We used shaved rat-skin tissue as the scattering medium, as shown in Fig. 2(a). The biological skin tissue consists of the epidermis, dermis, and subcutaneous layer over a fascia (Fig. 2(b)) . Under a conventional optical microscope, each layer of the extracted skin sample was observed to contain micro vessels, cells, etc., and it was confirmed that the structure of each layer is different, as shown in Fig. 2(c). The skin sample was fixed between two microscope slides and covered with an aperture of 20 mm. The thickness of the rat skin was determined by averaging five micrometer measurements of the skin sample between the slides five after subtracting the thickness of the microscope slide. The experiment was performed within two hours after excision to simulate the in vivo condition as closely as possible.
Results and Discussion
First, we measured the intensity transmittance of skin using visible and near-infrared light with wavelengths of 632.8 nm and 780 nm. The measured transmittance at 632.8 nm wavelength is 25%, whereas at 780 nm wavelength, it is 41%. At 780 nm, the transmittance was 1.6 times of that at 632.8 nm. We thus experimentally confirmed that nearinfrared light transmits through rat skin to a greater degree and is less affected by scattering compared to visible light.
Followingly, we imaged a TOPPAN test chart behind the scatter plate using near-infrared light at a wavelength of 780 nm. The reconstructed intensity image of Group 4 is shown in Fig. 3(a). The contrast was calculated using the cross-sectional intensity distribution of five vertical strokes that were averaged after extraction of the intensity of each stroke in the vertical direction, as shown by the white frame in Fig. 3(a). In this study, λ = 780 nm, z0 = 50 mm, and D = 20 mm. Using Eq. (3), the theoretical resolution was calculated at 2.38 μm. This value corresponds to the distance between the third and fourth element in Group 4 of the TOPPAN test chart, and its stroke width is d expressed as d = 1/2u, where u is spatial frequency [LP/mm]. The intensity charts are shown in Fig. 3(b) and (c). Five vertical strokes can be identified clearly, including both elements 4 (227 LP/mm) and 5 (250 LP/mm) in the reconstructed image.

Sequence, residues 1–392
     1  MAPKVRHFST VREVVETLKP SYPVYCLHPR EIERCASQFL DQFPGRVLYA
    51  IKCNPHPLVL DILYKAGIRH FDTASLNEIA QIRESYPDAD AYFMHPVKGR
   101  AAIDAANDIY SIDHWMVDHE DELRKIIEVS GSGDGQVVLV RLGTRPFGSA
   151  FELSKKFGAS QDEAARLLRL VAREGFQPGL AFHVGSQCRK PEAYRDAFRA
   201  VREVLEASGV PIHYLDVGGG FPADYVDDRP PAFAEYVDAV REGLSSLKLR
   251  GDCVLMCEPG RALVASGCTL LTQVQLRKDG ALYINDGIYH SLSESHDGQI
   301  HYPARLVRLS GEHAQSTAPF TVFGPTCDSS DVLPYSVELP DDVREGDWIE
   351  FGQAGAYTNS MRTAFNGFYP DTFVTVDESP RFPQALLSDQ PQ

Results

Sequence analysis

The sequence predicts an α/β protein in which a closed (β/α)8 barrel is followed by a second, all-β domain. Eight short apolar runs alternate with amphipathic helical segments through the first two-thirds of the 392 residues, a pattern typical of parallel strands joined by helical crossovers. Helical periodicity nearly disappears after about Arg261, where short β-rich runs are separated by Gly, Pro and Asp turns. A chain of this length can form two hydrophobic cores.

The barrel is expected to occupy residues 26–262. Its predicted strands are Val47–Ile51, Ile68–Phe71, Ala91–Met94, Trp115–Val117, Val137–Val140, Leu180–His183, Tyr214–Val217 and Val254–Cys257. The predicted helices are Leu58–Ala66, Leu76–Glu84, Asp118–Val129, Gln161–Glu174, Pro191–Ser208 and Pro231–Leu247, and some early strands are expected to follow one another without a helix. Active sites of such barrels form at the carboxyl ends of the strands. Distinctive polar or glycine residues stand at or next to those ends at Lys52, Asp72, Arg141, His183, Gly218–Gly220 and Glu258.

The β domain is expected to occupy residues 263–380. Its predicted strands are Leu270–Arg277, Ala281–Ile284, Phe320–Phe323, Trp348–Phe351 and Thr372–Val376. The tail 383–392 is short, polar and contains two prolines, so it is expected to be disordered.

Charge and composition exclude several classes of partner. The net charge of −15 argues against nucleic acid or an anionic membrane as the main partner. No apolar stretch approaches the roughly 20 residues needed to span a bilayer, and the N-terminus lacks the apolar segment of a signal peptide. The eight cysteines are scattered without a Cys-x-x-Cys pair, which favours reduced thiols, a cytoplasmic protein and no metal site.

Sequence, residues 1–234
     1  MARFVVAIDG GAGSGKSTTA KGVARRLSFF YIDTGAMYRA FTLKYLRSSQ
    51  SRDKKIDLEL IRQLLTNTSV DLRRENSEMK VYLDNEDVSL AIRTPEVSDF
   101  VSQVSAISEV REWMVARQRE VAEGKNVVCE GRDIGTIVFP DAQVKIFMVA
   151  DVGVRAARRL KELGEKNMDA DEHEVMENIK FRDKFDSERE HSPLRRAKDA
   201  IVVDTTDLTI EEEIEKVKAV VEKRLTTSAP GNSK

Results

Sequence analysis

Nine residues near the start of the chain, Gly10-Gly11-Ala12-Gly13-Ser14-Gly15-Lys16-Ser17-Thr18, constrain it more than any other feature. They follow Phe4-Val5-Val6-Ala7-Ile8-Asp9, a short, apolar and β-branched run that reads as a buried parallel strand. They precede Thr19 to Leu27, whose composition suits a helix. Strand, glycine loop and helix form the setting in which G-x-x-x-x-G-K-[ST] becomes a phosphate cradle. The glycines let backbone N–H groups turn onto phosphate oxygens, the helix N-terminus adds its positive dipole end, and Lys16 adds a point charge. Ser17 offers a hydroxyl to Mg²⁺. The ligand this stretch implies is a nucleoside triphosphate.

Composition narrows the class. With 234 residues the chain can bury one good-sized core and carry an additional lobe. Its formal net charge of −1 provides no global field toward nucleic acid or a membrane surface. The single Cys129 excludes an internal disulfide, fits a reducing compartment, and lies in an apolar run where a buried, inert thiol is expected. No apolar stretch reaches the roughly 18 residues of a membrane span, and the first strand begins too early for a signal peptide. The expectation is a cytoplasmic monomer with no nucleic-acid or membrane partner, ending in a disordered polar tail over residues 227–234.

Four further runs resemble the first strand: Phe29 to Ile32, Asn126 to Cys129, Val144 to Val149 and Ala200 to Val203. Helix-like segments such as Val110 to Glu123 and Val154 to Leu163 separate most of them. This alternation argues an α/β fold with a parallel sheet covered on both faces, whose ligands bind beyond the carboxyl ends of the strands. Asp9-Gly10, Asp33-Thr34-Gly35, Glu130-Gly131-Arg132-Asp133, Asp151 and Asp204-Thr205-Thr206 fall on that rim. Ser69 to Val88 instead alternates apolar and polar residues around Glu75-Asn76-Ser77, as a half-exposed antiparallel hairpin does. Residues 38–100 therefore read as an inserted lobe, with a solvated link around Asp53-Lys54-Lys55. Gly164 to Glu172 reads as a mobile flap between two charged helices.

Subsequently, we imaged the test chart behind the rat-skin sample of 912μm thickness. The reconstructed intensity image of Group 4 is shown in Fig. 3(d). The intensity charts are shown in Fig. 3(e) and (f). In Fig. 3(f), the five strokes were unclear. Despite the lower contrast of Group 4 shown in Fig. 3(e) compared to that of Fig. 3(b), the five vertical strokes could be confirmed with a pitch that was smaller than the theoretical resolution.
We performed microscopic imaging through scattering media using a near-infrared light source with a wavelength of 780 nm and obtained a favorable reconstructed image. Our results demonstrate that microscopic imaging behind scattering media was possible even when rat skin of about 1-mm-thickness was used as a scattering medium.